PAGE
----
Ina Fried/Axios

I covered our overall impressions of Samsung's phone in my review on Tuesday, but I wanted to dive deeper into one of the more important features of any smartphone purchase: the camera.

What's great: The pictures themselves. There are options to take a picture using just a phrase like "cheese." Also, Samsung built in Snapchat-like stickers so even old folks like me can get in on the act.

What's not: The rear camera hardware is largely unchanged from last year, though the front camera got an upgrade. Neither the Galaxy S8 nor the S8+ have a secondary camera, as does the iPhone, for doing things like creating a naturally blurred background.

This wasn't a review where I got out the manual, examined each new feature and painstakingly used them under ideal conditions. Rather, I threw an iPhone and an S8 in my pocket and rushed through a couple monuments and museums during 2 hours of sightseeing in Washington D.C. Tuesday afternoon. I think this is a whole lot more similar to how most people use their phone's camera.

The upshot is that both the iPhone and Galaxy S8 take great pictures without much effort, but there are plenty of differences. Here are a couple of comparison shots, starting with the Greensboro Lunch Counter at the Smithsonian:

Samsung Galaxy S8:

Ina Fried/Axios

Apple iPhone 7

Ina Fried/Axios

Samsung Galaxy S8:

Ina Fried/Axios

Apple iPhone 7:

Ina Fried/Axios

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Updated 4 hours ago - Politics & Policy

Coronavirus dashboard

Illustration: Sarah Grillo/Axios

  1. Global: Total confirmed cases as of 7 p.m. ET: 12,859,834 — Total deaths: 567,123 — Total recoveries — 7,062,085Map.
  2. U.S.: Total confirmed cases as of 7 p.m. ET: 3,297,501— Total deaths: 135,155 — Total recoveries: 1,006,326 — Total tested: 40,282,176Map.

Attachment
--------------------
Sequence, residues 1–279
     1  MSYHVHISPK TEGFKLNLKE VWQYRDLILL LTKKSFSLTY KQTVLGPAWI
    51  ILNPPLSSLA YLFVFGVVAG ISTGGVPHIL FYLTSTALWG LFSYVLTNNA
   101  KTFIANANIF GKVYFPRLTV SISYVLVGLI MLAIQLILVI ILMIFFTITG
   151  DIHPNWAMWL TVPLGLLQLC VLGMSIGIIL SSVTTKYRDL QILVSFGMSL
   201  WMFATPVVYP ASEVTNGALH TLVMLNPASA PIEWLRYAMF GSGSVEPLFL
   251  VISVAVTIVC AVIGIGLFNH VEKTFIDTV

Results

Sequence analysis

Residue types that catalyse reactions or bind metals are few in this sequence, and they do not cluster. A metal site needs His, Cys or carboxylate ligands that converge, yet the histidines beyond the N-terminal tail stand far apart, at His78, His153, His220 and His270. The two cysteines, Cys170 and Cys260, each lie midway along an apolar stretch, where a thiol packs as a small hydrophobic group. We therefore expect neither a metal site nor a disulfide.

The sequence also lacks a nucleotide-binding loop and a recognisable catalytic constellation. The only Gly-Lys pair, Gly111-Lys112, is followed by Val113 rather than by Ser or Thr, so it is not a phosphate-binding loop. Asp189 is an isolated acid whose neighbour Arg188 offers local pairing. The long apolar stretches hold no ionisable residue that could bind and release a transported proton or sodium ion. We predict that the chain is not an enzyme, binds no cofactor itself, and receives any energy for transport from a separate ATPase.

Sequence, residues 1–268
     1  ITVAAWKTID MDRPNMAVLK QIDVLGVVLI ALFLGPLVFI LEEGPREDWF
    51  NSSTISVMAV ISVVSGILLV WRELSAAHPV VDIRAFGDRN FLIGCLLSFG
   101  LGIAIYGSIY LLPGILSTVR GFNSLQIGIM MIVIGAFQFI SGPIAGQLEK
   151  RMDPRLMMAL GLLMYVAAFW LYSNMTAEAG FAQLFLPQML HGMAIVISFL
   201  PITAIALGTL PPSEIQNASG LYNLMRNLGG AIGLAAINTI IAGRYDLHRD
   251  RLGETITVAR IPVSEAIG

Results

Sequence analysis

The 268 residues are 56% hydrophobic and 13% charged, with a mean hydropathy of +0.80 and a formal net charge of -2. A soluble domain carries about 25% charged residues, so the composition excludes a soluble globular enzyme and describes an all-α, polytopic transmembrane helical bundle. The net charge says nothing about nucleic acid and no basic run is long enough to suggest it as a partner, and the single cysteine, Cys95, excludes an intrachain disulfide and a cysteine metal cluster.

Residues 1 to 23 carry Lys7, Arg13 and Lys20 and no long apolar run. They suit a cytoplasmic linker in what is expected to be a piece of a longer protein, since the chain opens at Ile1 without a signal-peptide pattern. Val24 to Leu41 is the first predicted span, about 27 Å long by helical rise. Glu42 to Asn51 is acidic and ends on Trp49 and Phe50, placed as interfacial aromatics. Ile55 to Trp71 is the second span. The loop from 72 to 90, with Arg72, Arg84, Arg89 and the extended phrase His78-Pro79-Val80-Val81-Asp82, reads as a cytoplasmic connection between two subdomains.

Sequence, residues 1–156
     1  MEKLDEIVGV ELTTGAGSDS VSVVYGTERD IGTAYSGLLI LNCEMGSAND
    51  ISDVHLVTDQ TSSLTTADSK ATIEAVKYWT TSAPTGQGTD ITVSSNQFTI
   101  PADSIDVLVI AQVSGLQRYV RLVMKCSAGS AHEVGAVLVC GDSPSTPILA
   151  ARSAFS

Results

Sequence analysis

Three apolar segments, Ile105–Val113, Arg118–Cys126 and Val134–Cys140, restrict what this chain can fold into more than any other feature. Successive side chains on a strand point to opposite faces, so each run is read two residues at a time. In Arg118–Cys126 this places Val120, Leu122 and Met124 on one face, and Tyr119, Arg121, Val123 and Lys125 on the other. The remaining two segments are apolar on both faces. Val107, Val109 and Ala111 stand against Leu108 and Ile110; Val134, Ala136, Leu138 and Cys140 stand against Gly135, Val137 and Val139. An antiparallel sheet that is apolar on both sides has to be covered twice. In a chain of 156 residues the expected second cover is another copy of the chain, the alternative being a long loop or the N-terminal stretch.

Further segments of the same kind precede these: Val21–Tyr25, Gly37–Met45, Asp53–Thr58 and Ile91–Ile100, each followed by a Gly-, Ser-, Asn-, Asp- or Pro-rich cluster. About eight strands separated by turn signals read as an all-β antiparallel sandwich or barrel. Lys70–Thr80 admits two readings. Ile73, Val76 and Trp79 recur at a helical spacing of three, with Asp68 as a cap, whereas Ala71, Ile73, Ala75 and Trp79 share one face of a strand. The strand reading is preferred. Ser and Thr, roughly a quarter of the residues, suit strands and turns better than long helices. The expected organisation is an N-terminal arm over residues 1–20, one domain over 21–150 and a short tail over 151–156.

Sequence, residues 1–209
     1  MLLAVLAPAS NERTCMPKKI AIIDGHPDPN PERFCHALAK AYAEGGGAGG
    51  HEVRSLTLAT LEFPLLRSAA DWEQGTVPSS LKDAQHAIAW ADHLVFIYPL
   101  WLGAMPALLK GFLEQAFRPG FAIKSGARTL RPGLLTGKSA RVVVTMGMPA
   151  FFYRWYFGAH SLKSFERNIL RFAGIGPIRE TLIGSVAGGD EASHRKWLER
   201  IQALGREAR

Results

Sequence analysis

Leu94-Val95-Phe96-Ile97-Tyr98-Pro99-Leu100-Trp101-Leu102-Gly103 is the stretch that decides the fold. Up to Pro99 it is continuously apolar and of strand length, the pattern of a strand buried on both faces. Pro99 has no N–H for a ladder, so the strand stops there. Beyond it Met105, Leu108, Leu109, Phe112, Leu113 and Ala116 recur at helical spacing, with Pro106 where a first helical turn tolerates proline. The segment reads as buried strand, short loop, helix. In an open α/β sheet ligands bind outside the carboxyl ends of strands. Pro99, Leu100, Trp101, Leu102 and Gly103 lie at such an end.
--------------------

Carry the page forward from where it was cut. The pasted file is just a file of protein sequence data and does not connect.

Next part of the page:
3. States: Florida smashes single-day record for new coronavirus cases with over 15,000 — NYC reports zero coronavirus deaths for first time since pandemic hit.
  4. Public health: Ex-FDA chief projects "apex" of South's coronavirus curve in 2-3 weeks — Coronavirus testing czar: Lockdowns in hotspots "should be on the table"
  5. Education: Betsy DeVos says schools that don't reopen shouldn't get federal funds — Pelosi accuses Trump of "messing with the health of our children."

Scoop: How the White House is trying to trap leakers

Illustration: Sarah Grillo/Axios

President Trump's chief of staff, Mark Meadows, has told several White House staffers he's fed specific nuggets of information to suspected leakers to see if they pass them on to reporters — a trap that would confirm his suspicions. "Meadows told me he was doing that," said one former White House official. "I don't know if it ever worked."

Why it matters: This hunt for leakers has put some White House staffers on edge, with multiple officials telling Axios that Meadows has been unusually vocal about his tactics. So far, he's caught only one person, for a minor leak.

11 GOP congressional nominees support QAnon conspiracy

Lauren Boebert posing in her restaurant in Rifle, Colorado, on April 24. Photo: Emily Kask/AFP

At least 11 Republican congressional nominees have publicly supported or defended the QAnon conspiracy theory movement or some of its tenets — and more aligned with the movement may still find a way onto ballots this year.

Why it matters: Their progress shows how a fringe online forum built on unsubstantiated claims and flagged as a threat by the FBI is seeking a foothold in the U.S. political mainstream.